“Unable to swim,” Roy recalled,  “or maybe not wanting to, I floated wherever the seas pointed me. I was exhausted because I’d been swimming and kicking for 24 hours. I laid my head down on my makeshift life [raft] and tried to rest. A wave would break over me, dousing me with cold spray, even though the water was actually warm.

“My mind began to wander, and I had hallucinations. I saw large white faces similar to ones on Easter Island in the Pacific; I saw large white ships next to a large docking facility; there were large white porpoises jumping around me. Somebody said to me, ‘If you want to get out of the water, swim over to that ladder and you’ll be dry.’ I felt my deceased father’s presence, but I didn’t move off my life raft sanctuary.

“Later that night, my fear became real again. It was at that time I decided to cheat the waiting sharks and be in control of my own destiny.”


‘I Decided To Take My Life’

“There seemed only one way to end all this — suicide. I knew to slit one’s wrist long ways — not across the ligaments. But I had nothing sharp for the job. I tried to use the zipper pull to puncture my wrist, but to no avail.

“Next, I thought to choke and cut off air. But my reflexes would not allow me to do this.

“Then I decided to let go of the raft and succumb to the sea. I let go, but took in so much water that I began choking, coughing and throwing up. I was defeated in my attempt of suicide. Mentally and physically defeated, I retreated to my watery perch to await my fate.”


Then Came The Sea Wasps

“Suddenly, I felt a stinging sensation all over. I saw I had floated into a mat of sea wasps, which are similar to jelly fish. The sea wasps had dangling arms that lighted and glowed upon touch. I was stung all over, and the salt water made it worse. The mat of sea wasps was large, and it smothered out the sea. I tried not to aggravate them, thus preventing any more stings, They finally just floated away.  sea wasp

“Sometime Saturday night, I suddenly awoke to red and green lights nearby, but I could not decipher a ship. I was hallucinating again. I thought I had floated 80 miles to Virgin Gorda and the lights were from the lighthouse marking the reef — except there is no lighthouse in Virgin Gorda. I dreamed that my wife, Susan, was there and that she had rented a cabin on the beach. All I wanted to do was touch bottom and get out of the water. When the lights went away, I knew it was just a dream.”


The Day To Remember

“Sunday morning, I could make out a ship going away from me. It was a large black ship with Coast Guard markings, moving left to right. I screamed and waved. They just continued off to my right and faded into the morning horizon.

“Next, I heard two airplanes: C130s. As they got closer, I saw they were making grid runs. One was right above me and I could see the pilot. But he didn’t see me.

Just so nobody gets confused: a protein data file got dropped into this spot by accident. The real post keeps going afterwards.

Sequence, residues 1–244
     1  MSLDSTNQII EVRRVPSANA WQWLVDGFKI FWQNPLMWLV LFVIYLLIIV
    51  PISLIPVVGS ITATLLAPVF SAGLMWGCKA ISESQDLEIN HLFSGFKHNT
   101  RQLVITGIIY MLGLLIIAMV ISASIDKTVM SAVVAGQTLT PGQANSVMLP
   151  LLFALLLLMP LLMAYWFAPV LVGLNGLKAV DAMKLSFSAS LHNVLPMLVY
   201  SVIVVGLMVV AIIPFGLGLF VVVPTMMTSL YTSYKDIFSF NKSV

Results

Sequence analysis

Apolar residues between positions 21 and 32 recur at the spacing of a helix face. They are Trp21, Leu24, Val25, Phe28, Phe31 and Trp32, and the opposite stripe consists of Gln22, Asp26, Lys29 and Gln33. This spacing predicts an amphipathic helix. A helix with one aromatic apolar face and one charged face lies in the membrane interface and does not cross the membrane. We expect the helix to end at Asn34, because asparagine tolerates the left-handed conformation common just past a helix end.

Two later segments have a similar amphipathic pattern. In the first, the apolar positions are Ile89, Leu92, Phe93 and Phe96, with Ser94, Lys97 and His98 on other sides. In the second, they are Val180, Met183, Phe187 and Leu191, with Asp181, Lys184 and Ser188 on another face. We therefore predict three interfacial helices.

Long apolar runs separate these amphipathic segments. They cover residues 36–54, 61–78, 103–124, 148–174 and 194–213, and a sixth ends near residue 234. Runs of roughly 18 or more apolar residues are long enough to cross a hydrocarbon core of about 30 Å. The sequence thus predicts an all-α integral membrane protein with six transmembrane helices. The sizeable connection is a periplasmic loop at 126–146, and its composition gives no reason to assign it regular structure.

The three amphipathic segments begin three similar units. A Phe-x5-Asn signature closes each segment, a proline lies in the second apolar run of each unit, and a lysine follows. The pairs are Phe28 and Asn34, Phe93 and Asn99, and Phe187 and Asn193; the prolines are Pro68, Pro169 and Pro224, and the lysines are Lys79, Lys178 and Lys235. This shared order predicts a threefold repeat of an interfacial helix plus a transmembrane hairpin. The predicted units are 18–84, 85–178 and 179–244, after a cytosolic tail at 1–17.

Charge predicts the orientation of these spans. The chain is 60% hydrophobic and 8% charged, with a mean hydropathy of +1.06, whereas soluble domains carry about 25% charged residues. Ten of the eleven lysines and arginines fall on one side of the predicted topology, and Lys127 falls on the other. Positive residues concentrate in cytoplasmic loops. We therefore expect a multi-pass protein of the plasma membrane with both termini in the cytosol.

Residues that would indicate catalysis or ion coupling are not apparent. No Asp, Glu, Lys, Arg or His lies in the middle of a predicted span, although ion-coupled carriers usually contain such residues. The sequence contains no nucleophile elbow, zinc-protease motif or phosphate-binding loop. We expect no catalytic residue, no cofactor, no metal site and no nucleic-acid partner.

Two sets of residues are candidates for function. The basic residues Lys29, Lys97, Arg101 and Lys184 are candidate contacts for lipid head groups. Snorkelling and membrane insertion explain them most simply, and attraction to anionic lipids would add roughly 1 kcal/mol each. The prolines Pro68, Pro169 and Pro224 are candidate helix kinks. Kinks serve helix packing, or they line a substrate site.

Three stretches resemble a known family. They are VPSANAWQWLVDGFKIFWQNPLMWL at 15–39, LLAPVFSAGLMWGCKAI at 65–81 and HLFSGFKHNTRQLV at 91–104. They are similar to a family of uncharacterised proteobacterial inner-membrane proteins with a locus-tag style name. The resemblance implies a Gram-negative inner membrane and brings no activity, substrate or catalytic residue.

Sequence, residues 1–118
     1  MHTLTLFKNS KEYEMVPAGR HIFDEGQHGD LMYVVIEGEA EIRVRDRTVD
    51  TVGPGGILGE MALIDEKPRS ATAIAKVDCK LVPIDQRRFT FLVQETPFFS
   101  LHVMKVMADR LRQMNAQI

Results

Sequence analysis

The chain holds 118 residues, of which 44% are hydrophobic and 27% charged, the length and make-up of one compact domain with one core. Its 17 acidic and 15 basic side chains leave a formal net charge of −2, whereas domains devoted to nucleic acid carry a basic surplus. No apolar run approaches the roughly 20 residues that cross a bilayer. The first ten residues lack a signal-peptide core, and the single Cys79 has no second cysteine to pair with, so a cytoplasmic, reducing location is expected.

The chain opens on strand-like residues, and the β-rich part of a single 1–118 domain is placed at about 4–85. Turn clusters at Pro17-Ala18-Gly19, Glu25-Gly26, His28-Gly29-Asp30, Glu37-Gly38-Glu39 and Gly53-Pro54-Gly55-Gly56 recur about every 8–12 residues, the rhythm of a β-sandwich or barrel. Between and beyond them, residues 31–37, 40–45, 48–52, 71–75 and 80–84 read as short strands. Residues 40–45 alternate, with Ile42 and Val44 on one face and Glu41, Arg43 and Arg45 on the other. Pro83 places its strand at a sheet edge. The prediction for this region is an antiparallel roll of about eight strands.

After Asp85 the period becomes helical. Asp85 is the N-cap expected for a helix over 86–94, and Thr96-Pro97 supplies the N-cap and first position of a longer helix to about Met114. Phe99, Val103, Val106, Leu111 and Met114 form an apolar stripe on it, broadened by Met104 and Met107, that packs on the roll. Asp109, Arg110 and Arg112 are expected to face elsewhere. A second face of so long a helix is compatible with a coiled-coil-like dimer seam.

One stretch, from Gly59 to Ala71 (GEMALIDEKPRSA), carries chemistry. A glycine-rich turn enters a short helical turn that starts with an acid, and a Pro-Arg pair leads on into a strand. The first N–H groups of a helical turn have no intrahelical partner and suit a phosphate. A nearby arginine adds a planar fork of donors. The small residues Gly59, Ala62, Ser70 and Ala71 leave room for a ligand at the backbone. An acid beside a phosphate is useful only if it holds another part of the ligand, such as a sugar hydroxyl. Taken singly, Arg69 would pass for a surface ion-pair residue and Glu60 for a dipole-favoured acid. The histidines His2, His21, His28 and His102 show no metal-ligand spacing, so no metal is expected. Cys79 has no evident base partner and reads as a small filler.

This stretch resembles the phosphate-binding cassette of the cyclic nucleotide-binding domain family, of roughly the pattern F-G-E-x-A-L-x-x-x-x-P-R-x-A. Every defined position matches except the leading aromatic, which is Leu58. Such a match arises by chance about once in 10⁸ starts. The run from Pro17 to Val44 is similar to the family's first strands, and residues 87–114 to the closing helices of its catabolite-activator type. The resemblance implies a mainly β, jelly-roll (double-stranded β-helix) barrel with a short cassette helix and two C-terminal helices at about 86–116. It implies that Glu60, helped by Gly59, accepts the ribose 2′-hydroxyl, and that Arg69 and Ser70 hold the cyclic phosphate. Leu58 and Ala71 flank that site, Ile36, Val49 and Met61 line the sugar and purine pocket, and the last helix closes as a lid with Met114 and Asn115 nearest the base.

“Meanwhile, the big black ship was close to shore and was towing a dirigible off the stern. It was from Puerto Rico and had been called by the St. Thomas Coast Guard Auxiliary to look for us. I watched the ship alter coarse and head back north, and I thought if I swam very hard I could cross their course line and maybe they would see me. I used my last bit of strength, and started kicking and paddling again.”

“The ship looked closer, and there was a lieutenant on the bridge. She saw me! [When I heard] one long horn signal, I knew I was found, and I stopped swimming. Watching as the ship came toward me, I saw mahi mahi fish starting a feeding frenzy. Probably I looked like flotsam and attracted small fry.

“The big black boat assumed recovery position. As they got closer, they went broadside to the waves and coasted toward me. A Jacob’s ladder was deployed, but I made [a] signal by patting my arms, letting them know I was too tired to climb the ladder.

“Several people reached down, grabbed me under both arms, and lifted me on board. They pulled me to a bulkhead and leaned me down against it. Then they retrieved my life-saving raft. I sat there a while until I thought I could walk to the first aid station.

“After removing my wet clothes and dressing me in a shirt and shorts the crew had donated, they wrapped me in a blanket. I remained in sickbay for two hours while they de-briefed me. At last, I was transferred to a helicopter and taken to St. Thomas Island.

“There they put me in an ambulance and sent me on to the hospital. I was put in ICU because, at first, they thought I had a heart attack. Days later, I was still in ICU. I couldn’t shave because of the sea wasp stings. My left leg had to be debrided – scraped out — several times. My life-functioning organs were carefully observed to see that they had not been affected.